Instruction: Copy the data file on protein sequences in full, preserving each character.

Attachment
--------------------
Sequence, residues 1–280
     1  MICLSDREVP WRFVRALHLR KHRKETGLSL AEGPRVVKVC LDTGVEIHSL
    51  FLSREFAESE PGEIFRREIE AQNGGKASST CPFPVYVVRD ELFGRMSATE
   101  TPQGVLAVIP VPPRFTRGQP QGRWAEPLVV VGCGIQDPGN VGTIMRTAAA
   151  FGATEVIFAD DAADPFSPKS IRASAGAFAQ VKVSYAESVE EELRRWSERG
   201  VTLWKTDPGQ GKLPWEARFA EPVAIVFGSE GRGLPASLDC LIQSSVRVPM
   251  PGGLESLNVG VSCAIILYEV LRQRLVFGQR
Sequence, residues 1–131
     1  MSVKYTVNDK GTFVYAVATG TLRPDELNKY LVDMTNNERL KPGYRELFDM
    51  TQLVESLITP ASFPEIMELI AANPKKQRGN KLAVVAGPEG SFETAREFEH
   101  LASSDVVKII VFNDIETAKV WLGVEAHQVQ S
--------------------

Sequence, residues 1–280
     1  MICLSDREVP WRFVRALHLR KHRKETGLSL AEGPRVVKVC LDTGVEIHSL
    51  FLSREFAESE PGEIFRREIE AQNGGKASST CPFPVYVVRD ELFGRMSATE
   101  TPQGVLAVIP VPPRFTRGQP QGRWAEPLVV VGCGIQDPGN VGTIMRTAAA
   151  FGATEVIFAD DAADPFSPKS IRASAGAFAQ VKVSYAESVE EELRRWSERG
   201  VTLWKTDPGQ GKLPWEARFA EPVAIVFGSE GRGLPASLDC LIQSSVRVPM
   251  PGGLESLNVG VSCAIILYEV LRQRLVFGQR
Sequence, residues 1–131
     1  MSVKYTVNDK GTFVYAVATG TLRPDELNKY LVDMTNNERL KPGYRELFDM
    51  TQLVESLITP ASFPEIMELI AANPKKQRGN KLAVVAGPEG SFETAREFEH
   101  LASSDVVKII VFNDIETAKV WLGVEAHQVQ S